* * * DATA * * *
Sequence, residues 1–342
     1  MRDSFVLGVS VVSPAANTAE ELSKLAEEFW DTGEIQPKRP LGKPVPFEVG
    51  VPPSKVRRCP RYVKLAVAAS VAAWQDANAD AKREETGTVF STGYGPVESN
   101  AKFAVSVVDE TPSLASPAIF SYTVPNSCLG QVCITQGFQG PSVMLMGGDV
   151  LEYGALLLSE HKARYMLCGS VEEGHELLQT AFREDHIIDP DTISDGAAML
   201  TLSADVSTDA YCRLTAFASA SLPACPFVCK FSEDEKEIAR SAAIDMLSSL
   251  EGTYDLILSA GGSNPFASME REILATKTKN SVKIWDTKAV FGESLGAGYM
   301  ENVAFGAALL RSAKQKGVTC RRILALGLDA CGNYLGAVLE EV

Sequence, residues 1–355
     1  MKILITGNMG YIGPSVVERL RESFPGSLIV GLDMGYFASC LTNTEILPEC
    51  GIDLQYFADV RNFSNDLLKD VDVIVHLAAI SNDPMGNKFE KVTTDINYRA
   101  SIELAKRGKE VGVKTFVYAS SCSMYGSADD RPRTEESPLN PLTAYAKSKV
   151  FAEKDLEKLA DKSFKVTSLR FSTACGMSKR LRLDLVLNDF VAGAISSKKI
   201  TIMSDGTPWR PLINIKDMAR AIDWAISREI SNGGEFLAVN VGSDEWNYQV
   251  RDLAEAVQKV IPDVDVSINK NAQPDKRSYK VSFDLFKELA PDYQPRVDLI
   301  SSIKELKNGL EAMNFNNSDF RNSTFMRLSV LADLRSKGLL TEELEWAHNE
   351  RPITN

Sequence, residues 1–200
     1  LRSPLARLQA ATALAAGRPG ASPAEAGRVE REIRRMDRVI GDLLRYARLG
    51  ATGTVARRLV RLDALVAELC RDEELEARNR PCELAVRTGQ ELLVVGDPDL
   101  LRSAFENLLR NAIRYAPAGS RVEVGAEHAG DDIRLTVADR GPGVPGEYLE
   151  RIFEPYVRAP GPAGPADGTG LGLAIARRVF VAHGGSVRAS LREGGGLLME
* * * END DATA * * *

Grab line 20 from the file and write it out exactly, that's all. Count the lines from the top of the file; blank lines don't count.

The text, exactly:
    51  ATGTVARRLV RLDALVAELC RDEELEARNR PCELAVRTGQ ELLVVGDPDL